The Humanitarian Effort Of Iraq

I understand why some serious people opposed the war in Iraq. It took me an entire year to come around. The tipping point for me has always been thinking about the Iraqi people themselves: I can't think about a person being fed into a shredder without concluding: that must be stopped. As a moral proposition, that must be stopped.

Eric Posner from U. Chicago estimates the war saved about 300,000 Iraqis (extrapolating from data under the sanctions regime vs. deaths during the war). He even analyzes the effect on children.
The sanctions regime, which began in 1990, destroyed Iraq’s economy (reducing GDP by as much as three quarters) and impoverished millions of Iraqis. Particular attention was given at the time to its effect on children. The contemporary critics of the sanctions pointed out that before the sanctions began, the child mortality rate was about 50 per 1000; during the sanctions, on one accounting the rate soared to about 128 per 1000 (click on "basic indicators" here). More conservative estimates were in the range of a doubling of child mortality. Using the more conservative estimate, at one million births per year, this works out to an annual difference of 50,000 children surviving to the age of 5 (for various qualifications, see here). Today, the child mortality rate is below the pre-sanctions figure, and so every year in excess of 50,000 more Iraqi children survive than during the sanctions. The data are hotly contested but the trends are unmistakable and will continue to strengthen if security improves. Meanwhile, violent deaths of civilians, while still far too high, are declining; a very cautious estimate of 500-800 per month, based on the most recent reports on the Iraq Body Count website, is much lower than the avoided deaths of children compared to the sanctions regime. A conservative estimate is that more than 40,000 Iraqis survive per year today than during the sanctions regime, and probably most of them children. The tight correlation between GDP and child mortality across countries bolsters this conclusion.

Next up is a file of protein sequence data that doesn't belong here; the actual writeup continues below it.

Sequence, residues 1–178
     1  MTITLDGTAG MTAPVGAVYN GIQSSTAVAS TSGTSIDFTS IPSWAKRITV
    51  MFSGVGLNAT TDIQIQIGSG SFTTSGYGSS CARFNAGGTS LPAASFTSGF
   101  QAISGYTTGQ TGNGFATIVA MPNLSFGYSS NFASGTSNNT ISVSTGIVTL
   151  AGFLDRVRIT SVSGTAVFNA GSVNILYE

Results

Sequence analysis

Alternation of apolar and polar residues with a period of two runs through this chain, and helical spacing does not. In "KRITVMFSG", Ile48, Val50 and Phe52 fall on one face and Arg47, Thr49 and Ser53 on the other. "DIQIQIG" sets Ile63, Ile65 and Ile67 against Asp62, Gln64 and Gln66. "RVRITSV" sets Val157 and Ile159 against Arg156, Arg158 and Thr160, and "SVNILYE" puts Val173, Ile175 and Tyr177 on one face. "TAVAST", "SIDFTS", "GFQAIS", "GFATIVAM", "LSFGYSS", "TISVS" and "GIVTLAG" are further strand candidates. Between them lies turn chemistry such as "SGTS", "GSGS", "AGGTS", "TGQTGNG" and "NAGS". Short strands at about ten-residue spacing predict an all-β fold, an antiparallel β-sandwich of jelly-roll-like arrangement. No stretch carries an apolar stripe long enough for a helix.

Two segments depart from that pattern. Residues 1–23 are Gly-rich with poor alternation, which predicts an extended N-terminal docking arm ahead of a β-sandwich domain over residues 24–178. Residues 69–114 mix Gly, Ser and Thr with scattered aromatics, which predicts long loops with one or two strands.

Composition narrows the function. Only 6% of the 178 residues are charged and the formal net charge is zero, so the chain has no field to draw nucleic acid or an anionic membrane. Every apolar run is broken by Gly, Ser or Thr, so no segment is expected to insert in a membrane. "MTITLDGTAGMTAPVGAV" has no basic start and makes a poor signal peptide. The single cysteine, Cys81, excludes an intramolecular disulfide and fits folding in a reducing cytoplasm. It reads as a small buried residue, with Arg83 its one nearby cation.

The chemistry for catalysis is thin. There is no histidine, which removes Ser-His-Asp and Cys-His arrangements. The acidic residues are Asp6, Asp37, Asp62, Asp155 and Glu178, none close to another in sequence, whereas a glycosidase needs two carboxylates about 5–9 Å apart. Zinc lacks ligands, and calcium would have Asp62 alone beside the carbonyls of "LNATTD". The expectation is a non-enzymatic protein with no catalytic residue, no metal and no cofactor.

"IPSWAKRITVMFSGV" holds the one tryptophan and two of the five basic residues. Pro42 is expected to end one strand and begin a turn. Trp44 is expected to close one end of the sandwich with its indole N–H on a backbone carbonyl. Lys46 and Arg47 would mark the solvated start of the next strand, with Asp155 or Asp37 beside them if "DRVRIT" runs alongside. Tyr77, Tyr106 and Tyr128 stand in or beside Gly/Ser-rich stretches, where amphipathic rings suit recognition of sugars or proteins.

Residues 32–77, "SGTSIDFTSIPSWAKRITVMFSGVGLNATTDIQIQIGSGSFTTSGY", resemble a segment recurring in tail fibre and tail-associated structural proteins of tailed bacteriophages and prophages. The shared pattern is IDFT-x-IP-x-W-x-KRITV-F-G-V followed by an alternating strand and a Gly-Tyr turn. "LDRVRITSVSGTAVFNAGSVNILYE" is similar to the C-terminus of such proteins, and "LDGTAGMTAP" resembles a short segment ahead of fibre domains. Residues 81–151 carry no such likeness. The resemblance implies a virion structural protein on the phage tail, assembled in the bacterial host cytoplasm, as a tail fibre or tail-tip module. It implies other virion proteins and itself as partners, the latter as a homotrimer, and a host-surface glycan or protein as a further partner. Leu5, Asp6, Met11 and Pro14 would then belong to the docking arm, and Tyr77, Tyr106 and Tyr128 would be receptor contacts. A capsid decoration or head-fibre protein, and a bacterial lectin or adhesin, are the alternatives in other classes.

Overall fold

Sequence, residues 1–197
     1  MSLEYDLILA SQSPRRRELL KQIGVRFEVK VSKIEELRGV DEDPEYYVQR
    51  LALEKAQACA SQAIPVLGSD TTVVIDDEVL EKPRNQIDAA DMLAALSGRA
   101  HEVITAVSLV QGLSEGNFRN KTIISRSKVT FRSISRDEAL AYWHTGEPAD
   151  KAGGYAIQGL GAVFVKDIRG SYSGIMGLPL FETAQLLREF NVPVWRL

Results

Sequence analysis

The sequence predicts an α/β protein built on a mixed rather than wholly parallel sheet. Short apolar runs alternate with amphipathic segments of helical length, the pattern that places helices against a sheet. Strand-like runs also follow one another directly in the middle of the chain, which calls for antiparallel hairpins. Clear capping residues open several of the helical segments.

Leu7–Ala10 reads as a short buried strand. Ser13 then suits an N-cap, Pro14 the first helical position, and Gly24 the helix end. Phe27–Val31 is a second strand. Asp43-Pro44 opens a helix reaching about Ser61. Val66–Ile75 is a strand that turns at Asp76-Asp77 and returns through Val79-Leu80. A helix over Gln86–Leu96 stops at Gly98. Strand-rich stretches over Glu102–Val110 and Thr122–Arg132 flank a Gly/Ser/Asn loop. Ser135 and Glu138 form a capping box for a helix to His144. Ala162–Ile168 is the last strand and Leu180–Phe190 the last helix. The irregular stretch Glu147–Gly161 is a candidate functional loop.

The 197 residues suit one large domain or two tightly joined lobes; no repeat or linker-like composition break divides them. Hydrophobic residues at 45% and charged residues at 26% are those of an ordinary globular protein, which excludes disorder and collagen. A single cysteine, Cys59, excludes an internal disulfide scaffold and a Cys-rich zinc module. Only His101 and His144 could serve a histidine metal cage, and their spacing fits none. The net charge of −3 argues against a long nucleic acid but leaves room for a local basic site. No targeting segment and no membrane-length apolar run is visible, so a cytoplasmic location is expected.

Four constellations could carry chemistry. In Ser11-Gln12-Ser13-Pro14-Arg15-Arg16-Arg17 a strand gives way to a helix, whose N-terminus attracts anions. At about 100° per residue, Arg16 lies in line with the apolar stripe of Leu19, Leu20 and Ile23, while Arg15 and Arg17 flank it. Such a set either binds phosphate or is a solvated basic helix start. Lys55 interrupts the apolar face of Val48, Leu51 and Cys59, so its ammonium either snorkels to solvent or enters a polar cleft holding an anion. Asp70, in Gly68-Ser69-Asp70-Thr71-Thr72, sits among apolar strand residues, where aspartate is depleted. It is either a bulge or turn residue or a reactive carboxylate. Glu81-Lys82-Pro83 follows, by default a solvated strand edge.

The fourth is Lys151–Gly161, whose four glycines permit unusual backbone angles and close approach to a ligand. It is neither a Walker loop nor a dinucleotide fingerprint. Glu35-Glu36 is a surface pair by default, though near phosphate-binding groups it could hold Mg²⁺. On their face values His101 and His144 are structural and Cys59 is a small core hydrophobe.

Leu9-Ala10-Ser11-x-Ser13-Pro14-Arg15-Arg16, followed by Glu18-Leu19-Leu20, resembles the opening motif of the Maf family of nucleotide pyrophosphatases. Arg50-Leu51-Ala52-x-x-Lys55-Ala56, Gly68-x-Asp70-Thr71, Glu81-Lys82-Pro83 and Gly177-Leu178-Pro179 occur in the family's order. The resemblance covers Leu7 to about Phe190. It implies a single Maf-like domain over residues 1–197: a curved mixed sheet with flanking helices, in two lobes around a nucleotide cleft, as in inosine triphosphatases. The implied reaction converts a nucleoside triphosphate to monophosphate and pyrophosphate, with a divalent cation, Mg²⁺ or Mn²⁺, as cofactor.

Curtsy: Weekly Standard